Coronaviruses pp 261-269 | Cite as

Studying the Dynamics of Coronavirus Replicative Structures

  • Marne C. HagemeijerEmail author
  • Cornelis A. M. de HaanEmail author
Part of the Methods in Molecular Biology book series (MIMB, volume 1282)


Coronaviruses (CoVs) generate specialized membrane compartments, which consist of double membrane vesicles connected to convoluted membranes, the so-called replicative structures, where viral RNA synthesis takes place. These sites harbor the CoV replication–transcription complexes (RTCs): multi-protein complexes consisting of 16 nonstructural proteins (nsps), the CoV nucleocapsid protein (N) and presumably host proteins. To successfully establish functional membrane-bound RTCs all of the viral and host constituents need to be correctly spatiotemporally organized during viral infection. Few studies, however, have investigated the dynamic processes involved in the formation and functioning of the (subunits of) CoV RTCs and the replicative structures in living cells. In this chapter we describe several protocols to perform time-lapse imaging of CoV-infected cells and to study the kinetics of (subunits of) the CoV replicative structures. The approaches described are not limited to CoV-infected cells; they can also be applied to other virus-infected or non-infected cells.

Key words

Coronavirus Nonstructural proteins Live-cell imaging Replication–transcription complex Dynamics Fluorescence recovery after photobleaching Fluorescence loss in photobleaching 

1 Introduction

Coronavirus (CoV) replicative structures are impressive multicomponent assemblies that consist of no less than 16 viral replicase proteins (the nonstructural proteins (nsps) [1, 2, 3, 4, 5, 6, 7, 8, 9, 10, 11]), the nucleocapsid (N) protein [10, 12, 13, 14, 15], an as yet unknown number of host proteins, and an elaborate network of endoplasmic reticulum (ER)-derived double membrane vesicles and convoluted membranes [2, 4, 9, 16]. These “replication organelles” have been studied in lots of detail over the last few decades, generating a wealth of exciting information with respect to their composition, morphology, and functioning during the viral life cycle. Unfortunately one of the most, and perhaps unintentionally, overlooked areas is the real-time spatiotemporal dynamic behavior of the formation and functioning of the replicative structures themselves but also the individual (membranous) associated components in living cells.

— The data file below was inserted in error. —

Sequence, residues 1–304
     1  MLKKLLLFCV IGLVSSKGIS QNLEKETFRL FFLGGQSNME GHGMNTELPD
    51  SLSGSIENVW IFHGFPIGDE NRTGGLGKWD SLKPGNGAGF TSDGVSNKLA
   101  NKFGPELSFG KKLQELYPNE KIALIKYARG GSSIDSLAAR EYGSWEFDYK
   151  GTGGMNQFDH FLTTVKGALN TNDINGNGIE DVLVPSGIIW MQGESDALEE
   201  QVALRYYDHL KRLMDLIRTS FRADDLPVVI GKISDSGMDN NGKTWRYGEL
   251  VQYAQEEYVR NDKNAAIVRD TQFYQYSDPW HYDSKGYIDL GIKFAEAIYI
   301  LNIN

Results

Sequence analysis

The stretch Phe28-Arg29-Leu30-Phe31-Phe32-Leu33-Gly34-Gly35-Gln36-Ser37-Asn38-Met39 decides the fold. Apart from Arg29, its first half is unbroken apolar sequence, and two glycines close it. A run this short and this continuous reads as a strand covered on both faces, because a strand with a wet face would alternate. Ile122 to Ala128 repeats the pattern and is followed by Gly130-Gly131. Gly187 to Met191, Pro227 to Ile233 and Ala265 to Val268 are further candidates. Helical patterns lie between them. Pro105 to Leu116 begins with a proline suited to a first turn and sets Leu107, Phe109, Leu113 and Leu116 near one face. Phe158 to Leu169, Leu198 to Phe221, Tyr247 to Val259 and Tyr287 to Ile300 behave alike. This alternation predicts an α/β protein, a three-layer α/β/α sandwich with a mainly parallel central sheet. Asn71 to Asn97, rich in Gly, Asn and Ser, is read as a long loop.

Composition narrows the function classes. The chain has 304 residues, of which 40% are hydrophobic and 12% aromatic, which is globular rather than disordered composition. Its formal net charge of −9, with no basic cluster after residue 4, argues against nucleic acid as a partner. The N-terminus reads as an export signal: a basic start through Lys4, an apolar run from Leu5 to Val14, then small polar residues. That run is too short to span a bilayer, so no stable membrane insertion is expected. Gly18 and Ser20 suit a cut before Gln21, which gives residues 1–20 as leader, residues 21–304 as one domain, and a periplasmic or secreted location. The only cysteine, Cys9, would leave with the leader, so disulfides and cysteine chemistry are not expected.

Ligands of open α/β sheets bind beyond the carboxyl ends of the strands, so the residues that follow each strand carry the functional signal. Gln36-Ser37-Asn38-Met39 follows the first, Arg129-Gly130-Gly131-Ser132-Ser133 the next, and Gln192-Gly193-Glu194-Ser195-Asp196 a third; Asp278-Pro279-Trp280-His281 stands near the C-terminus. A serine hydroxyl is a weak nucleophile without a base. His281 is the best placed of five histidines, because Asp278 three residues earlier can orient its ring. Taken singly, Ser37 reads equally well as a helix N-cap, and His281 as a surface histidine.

To study the dynamic processes underlying the formation and functioning of the CoV replicative structures and/or replication-associated proteins, one needs noninvasive means to visualize them in living cells. Recombinant CoVs expressing replicase proteins fused to fluorescent proteins (FPs) serve as an excellent tool to perform such real-time imaging studies in their native environment. Alternatively, these fluorescent fusion proteins may be expressed upon transfection of expression plasmids prior to infection, if desirable in combination with plasmids expressing host proteins fused to FPs. Using confocal laser scanning microscopy (CLSM) several live-cell imaging techniques can be employed to investigate the real-time kinetics of the replicative structures and its associated components. Once cells are infected with the recombinant FP-expressing CoVs, one can simply follow the fate of the replicative structures or its components over time, either under native or perturbed conditions, resulting in valuable spatiotemporal information with respect to the formation and behavior of the replicative structures and its associated components (see Fig. 1 for an example of a time-lapse experiment of MHV-nsp2GFP-infected LR7 cells). Alternatively, a (part of the) pool of FPs may be selectively and irreversibly photobleached and the temporal fate of the remaining non-bleached proteins may be followed [reviewed in [17, 18, 19]]. From the latter measurements parameters can be extracted, which among others reflect (the lack of) mobility [fluorescence recovery after photobleaching (FRAP)] or the (dis)continuity between different membrane compartments [fluorescence loss in photobleaching (FLIP)]. Figures 2 and 3 illustrate the principles of the FRAP and FLIP approaches, respectively, with typical fluorescence intensity graphs that can be obtained from these type of live-cell imaging experiments depicted in Fig. 4.